My two-year-old’s favorite word these days is doo-doo.
She’ll tell friendly store clerks that that is her name.
She’ll cry for us in middle of the night. I hongry, she’ll say when we get to her crib. What do you want to eat? we’ll ask. Doo-doo, she’ll say, before dropping back to sleep.
My four-year-old and I were recently walking to the playground when she noticed a picture of a young girl, not much older than her, hugging a dog.
Aww, she said, what a cute puppy.
I didn’t have the heart to explain why a picture like that would be posted to a telephone pole, and so I smiled and continued walking when she started to sound out the letters in bold on top of the poster.
Last night, my two-year-old spent the evening dropping fistfuls of fried rice from her high seat while singing Humpty Dumpty had a great faaaaall!
I probably should have intervened – taken her bowl away or redirected her. At the very least I should have stopped making sound effects every time the rice hit the carpet.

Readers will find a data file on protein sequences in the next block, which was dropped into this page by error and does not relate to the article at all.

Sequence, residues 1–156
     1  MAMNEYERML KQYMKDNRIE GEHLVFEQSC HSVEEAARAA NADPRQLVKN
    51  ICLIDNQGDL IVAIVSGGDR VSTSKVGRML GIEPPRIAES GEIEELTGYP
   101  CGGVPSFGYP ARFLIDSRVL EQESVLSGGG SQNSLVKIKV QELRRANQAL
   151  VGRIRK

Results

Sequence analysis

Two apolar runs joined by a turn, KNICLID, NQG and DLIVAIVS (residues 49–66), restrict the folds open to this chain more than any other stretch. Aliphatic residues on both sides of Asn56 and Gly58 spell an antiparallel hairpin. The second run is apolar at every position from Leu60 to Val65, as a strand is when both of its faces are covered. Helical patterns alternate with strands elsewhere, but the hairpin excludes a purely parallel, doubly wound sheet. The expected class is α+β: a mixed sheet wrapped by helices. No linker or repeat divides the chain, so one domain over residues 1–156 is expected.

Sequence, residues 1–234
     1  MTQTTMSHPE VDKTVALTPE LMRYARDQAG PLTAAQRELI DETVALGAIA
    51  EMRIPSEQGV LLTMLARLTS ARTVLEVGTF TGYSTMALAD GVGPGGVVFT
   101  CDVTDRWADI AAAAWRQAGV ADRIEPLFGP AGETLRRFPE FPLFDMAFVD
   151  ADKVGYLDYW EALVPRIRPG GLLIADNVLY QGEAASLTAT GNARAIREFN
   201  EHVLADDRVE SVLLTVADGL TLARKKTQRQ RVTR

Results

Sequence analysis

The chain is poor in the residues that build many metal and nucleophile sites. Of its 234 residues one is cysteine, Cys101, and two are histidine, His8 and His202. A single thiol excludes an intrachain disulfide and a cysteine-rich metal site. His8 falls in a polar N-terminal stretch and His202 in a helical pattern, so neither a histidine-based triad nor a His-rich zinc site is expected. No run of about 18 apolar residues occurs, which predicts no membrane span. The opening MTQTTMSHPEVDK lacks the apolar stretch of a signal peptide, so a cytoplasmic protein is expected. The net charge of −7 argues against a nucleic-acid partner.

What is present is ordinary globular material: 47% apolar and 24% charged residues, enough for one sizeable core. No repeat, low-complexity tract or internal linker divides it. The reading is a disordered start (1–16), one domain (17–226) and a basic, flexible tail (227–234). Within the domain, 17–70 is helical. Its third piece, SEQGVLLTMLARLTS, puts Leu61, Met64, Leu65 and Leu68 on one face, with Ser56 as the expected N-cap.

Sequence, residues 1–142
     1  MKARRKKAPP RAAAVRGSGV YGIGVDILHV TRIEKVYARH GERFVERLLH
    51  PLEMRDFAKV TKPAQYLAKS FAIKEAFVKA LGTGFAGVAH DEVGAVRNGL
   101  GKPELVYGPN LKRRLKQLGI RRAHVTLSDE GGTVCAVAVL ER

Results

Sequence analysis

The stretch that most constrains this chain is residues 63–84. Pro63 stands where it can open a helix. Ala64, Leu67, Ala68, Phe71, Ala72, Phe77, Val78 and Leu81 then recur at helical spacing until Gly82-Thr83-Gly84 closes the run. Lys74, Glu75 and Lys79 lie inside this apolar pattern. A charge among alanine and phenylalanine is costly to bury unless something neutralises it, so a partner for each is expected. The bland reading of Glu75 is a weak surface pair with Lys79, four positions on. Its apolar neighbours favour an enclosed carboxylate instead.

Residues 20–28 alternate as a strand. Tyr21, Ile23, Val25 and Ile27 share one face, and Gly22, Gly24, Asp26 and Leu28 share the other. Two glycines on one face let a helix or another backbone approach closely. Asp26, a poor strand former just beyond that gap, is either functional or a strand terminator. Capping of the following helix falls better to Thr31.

But as a poet, I’ve developed the ability to detach myself from my parental responsibilities and view my kids, instead, as adorable little metaphors.
A poet, wrote Randall Jarrell, is a man who manages, in a lifetime of standing out in thunderstorms, to be struck by lightning five or six times.
Maybe it’s just the season that’s upon us but to me the creative process feels a lot less like standing in thunderstorms waiting for lightning than trudging through snow, desperately trying to clear a path.
Because I tend to write in the mornings and play with my daughters in the evenings, I’ve been thinking a lot lately about the relationship between children's games and the writing process.
Most of the time, the link is a bit of a stretch.
Hide and seek has potential to offer some common ground – writing, after all, is a process of discovery – but there are only a few good hiding spots in our condo, and my three-year-old is content to hide in the exact same spot ten times in a row.